Member Interview with Ruth Ross, author of Coming Alive

Ruth RossName: Ruth Ross

Book Title: Coming Alive: The Journey to Reengage Your Life and Career

Your book’s Amazon purchase link:

http://www.amazon.com/Coming-Alive-Journey-Reengage-Career/dp/1935953648/ 

What is your book about? Coming Alive is the prescription for anyone who has ever personally felt the pain of knowing they weren’t fully engaged at work or at home (or both), has an important person in his or her life experiencing this, or perhaps manages a team that is struggling with disengagement. This book will act as your roadmap to walk toward something better by being thoughtful, strategic, and intentional. It will take you on a journey to understand the power of passion and commitment, pinpoint the underlying causes, recognize the symptoms, and most importantly, learn an easy-to-use treatment plan for reengagement.

Coming AliveWhat inspired you to write your book?  In 2011, I diagnosed my own disengagement when working as an Executive Vice President of Human Resources for a top Fortune 100 company and knew that I had to reengage, both at work and at home. I made the decision to start my own company and to write a book to help others who were also struggling with these feelings.

Can you describe your writing process? There were two processes: one that worked and one that was definitely a lesson to learn from. I started out with an idea and just started writing with no structure. I had so much in my head that I wanted to get down on paper. I ended up with a lot of good ideas in a really bad book. Then, I got smart and decided to be more thoughtful and intentional. I began by identifying my eight chapter headings and writing a summary paragraph of what I thought I wanted to include in each. I then tackled the chapters one at a time, with absolute focus and clarity. I also made the decision to clear my calendar of client work as best I could to focus on the writing, and four months later I had a completed manuscript that I was really happy with.  

How did you come to do what you’re doing today? It was having my “face-in-the-mirror” moment when I just knew I had lost the passion for the work I had done for thirty years.  I knew in my heart that I needed to find the happiness I had lost in my soul and thankfully had a loving and supportive husband who encouraged me to follow my dream to become a writer and speaker.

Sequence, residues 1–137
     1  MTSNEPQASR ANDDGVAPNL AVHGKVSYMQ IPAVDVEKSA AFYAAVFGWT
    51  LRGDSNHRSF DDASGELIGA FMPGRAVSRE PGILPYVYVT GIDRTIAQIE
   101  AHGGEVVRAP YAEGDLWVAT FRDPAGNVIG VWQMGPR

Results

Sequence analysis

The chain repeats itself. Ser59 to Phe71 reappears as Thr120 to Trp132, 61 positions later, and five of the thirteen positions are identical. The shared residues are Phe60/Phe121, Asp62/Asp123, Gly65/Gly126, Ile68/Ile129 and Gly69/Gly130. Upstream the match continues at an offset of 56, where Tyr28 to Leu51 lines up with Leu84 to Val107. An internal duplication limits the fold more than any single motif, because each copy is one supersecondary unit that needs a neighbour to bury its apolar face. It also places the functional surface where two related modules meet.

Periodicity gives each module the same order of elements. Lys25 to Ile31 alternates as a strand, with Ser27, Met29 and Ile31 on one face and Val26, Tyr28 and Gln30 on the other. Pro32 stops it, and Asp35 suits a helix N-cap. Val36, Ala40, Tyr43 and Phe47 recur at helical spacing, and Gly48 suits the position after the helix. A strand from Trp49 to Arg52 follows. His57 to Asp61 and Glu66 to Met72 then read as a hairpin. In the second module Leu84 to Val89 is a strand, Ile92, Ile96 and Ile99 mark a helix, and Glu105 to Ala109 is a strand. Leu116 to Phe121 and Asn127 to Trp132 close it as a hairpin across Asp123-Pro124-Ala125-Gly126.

Can you describe a typical day in your life? I usually have one or two meetings or calls related to my work, and then I try and devote time to writing my blog and articles for major publications. I also attempt to take a long walk at least four days a week, which is my feeble attempt at exercise.

What do you most enjoy about what you do? I love not having a boss! I really enjoy being able to focus on what I want and that includes writing about things that I am passionate about. I also love the reaction I get when I speak to a group of people about engagement and you can literally see the light come back in to their eyes when they realize they don’t need to be stuck in a pit of quicksand, which is what disengagement feels like to many. I love that I can teach people to work to thrive, instead of just working to survive.

Are there any people and/or books that have inspired you along your journey?

My late husband was an amazing source of inspiration for me. He was the one who encouraged me to take the plunge and start writing. He challenged me to be the best I could be and to honor and share my voice. 

Can you share something that people may be surprised to learn about you?

I love to play poker. It keeps me engaged and challenged.

What’s next for you?

My husband died suddenly and unexpectedly several months ago, so that has changed a bit the direction I’m now taking. The lesson learned coming from this tragedy is that you have to cherish every moment and live life to its fullest. I’m still moving forward (excitedly, I might add) with launching a half-day workshop for managers based on the concepts of my book May 2015, and believe it is filling a big gap in the workplace today, but I’m also thinking there might be another book in me.

Is there anything else you would like to add? I love to encourage people to walk toward something better rather than running away from what isn’t working for them.

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